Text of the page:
Within the last several years, Scripps, the state’s model for the speculated biotech boom, has shown deep internal cracks in its bureaucratic operations and financial stability. With the operation in disarray and opposition still on the move, the next few years could spell the end for what I viewed over ten years ago as a biocentrist’s wildest nightmare...

Tuesday, November 1, 2016

JOIN US NOV. 19TH - SAVE THE BRIGER - STAND IN SOLIDARITY WITH NO DAPL & AND STOPPING THE SABAL TRAIL PIPELINE

When a forest is destroyed and replaced with corporate interests it creates the demand for pipelines and all the destruction that comes with it! The Fight for water doesn't stop at Standing Rock, North Dakota - It doesn't stop at the Sabal Trail Pipeline  - It stops when we all get together against the corporate interests who are destroying the planet for more 
strip malls, housing developments, and seedy deals made by politicians.

Scripps Biotech, United Technologies, and Kolter aren't just the run of the mill corporate interests. Scripps is a Biotech corporation that has plans for an animal testing facility, United Technologies is in the business of military weapons and was responsible for the cancer cluster in the acreage, and Kolter has proven time and time again they have no interest in preserving what makes Florida unique and great with their destructive methods of development.







                                            

Saturday, August 20, 2016

Candidate forum on the Ag Reserve for the County Commission Election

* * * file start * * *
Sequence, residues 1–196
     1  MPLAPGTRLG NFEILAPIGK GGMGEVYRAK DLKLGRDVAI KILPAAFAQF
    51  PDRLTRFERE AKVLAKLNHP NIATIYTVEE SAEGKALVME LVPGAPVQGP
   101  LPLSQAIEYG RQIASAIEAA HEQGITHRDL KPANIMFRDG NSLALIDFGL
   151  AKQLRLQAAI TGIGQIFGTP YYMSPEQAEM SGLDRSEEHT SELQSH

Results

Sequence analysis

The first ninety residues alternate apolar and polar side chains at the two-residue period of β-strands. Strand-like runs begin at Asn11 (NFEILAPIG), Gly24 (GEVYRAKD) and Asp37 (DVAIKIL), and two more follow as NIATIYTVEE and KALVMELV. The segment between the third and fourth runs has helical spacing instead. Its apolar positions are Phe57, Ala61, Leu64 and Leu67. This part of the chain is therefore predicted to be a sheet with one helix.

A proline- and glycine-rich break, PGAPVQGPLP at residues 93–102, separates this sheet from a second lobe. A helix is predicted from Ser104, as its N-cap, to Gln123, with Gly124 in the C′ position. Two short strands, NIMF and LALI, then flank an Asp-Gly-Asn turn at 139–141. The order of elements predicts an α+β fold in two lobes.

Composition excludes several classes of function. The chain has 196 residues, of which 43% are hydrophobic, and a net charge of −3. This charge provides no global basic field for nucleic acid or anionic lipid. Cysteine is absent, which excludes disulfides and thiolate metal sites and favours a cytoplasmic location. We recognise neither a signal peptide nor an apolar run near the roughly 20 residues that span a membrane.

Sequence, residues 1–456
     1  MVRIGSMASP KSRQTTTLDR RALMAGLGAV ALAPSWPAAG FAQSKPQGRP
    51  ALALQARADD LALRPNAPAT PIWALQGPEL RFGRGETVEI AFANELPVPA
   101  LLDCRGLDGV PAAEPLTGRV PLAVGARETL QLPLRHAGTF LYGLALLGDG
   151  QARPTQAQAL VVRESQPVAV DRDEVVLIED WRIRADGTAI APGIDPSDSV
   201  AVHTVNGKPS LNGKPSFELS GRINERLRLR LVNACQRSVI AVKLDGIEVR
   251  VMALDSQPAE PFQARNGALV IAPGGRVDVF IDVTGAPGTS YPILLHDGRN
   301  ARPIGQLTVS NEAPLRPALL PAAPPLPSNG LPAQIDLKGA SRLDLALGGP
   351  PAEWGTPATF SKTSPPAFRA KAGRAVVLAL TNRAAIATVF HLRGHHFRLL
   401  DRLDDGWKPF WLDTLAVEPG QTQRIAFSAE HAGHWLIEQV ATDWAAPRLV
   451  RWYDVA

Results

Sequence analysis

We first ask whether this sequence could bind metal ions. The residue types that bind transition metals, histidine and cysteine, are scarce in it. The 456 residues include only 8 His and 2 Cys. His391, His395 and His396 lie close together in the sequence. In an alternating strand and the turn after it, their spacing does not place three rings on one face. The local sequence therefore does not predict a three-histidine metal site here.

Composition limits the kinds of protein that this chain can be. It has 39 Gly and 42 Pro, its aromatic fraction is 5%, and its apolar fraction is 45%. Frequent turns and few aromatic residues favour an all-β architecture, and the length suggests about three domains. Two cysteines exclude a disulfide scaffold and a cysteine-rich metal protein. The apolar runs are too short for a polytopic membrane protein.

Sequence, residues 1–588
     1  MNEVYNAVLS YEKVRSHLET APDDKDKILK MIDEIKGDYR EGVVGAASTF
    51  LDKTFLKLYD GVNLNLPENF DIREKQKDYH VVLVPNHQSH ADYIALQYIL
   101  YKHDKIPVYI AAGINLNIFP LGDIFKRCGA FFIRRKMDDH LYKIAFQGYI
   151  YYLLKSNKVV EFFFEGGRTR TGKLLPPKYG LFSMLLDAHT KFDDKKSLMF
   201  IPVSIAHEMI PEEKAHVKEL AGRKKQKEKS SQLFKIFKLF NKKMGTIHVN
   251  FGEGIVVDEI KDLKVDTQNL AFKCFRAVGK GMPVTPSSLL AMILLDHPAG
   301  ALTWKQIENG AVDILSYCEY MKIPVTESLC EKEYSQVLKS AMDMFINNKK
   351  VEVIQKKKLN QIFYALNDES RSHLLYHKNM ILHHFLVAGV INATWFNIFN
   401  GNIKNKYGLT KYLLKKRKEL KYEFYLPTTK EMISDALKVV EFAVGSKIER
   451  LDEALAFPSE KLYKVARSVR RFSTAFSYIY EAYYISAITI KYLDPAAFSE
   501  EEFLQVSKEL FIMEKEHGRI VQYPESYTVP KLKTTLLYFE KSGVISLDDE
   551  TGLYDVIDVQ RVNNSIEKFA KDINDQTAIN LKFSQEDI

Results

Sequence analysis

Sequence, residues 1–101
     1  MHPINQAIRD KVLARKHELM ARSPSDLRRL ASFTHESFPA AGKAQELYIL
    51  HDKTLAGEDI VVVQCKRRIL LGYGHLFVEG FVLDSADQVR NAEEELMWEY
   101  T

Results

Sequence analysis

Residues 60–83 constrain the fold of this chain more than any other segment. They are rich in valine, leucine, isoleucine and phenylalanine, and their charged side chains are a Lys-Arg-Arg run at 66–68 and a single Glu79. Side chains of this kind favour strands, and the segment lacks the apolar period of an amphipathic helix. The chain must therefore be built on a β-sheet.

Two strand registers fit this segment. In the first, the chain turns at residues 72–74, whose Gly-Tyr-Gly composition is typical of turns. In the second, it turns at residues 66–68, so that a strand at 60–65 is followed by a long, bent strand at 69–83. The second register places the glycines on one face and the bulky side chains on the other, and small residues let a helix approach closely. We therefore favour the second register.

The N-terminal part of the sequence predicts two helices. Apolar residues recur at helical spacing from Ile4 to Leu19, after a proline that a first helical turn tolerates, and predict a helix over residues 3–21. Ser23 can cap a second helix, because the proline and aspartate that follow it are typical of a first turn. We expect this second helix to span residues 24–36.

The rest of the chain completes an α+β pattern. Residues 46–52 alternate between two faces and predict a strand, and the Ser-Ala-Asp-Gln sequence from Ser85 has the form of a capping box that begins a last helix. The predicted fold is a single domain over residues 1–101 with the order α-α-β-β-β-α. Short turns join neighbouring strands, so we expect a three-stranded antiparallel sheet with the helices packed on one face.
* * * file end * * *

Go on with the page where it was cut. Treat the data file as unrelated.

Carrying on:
The Interfaith Justice League and the Palm Beach County Environmental Coalition is holding a candidate forum on the Ag Reserve and other environmental issues for all candidates for the County Commission on Thursday August 25, at 7:00 p.m. at Congregation L'Dor Va-Dor, 3475 Woolbright Road, Boynton Beach, Florida on the northeast corner of Woolbright and Military Trail next to Enterprise Leasing.
 
The format will be as follows:  Each candidate will make an opening statement and then a follow up statement after all the candidates have spoken to respond to the others.  We will then take questions and comments from the audience and we will conclude with each candidate making a closing statement.
 

Friday, August 19, 2016

PBCEC Supports the Campaign to Fight Toxic Prisons' Rally Against Toxic Prison Slavery in Coleman, FL on Sept 10

Rally to End Toxic Prison Slavery in Solidarity with Upcoming Nationwide Prison Strike


Re-posted from FightToxicPrisons.org

Sept 9th is the 45th anniversary of the Attica Uprising in New York, where national attention was drawn to the problem of prisons in this country. This year there will public demonstrations in support of prisoners who have a called for a coordinated national work strike in response to extreme abuses they face, including toxic environments, discrimination and literal slavery based on the 13th Amendment which wrote prison slave labor into the U.S. Constitution.

The Campaign to Fight Toxic Prisons (FTP) is calling for action in solidarity with the IWW Union’s Incarcerated Workers Organizing Committee (IWOC) and other prisoner-led groups in planning activities around Sept 9th.

We are spreading the word to our prisoner contacts to invite friends and family on the outside to participate in these necessary efforts to address the violations of civil rights and environmental justice that still occur behind bars.

The primary FTP event will occur on Sept 10th at 10am in front of the Federal Correctional Complex (FCC) of Coleman, located at 846 NE 54th Terrace, Wildwood, Florida 34785.

Coleman FCC and rock mines
FCC Coleman, which warehouses over 7,000 prisoners, surrounded by mining operations.
This location is the largest prison factory in the entire country, producing material goods for government agencies nationwide. Much of the very furniture which accommodates the offices of the bureaucrats that we live under is made by prison slaves at this facility.

Federal Prison Industries, also known as UNICOR, has over $34 million in contract obligation coming out of Bureau of Prison (BOP) facilities in Florida. This is three times higher than any other state in the country.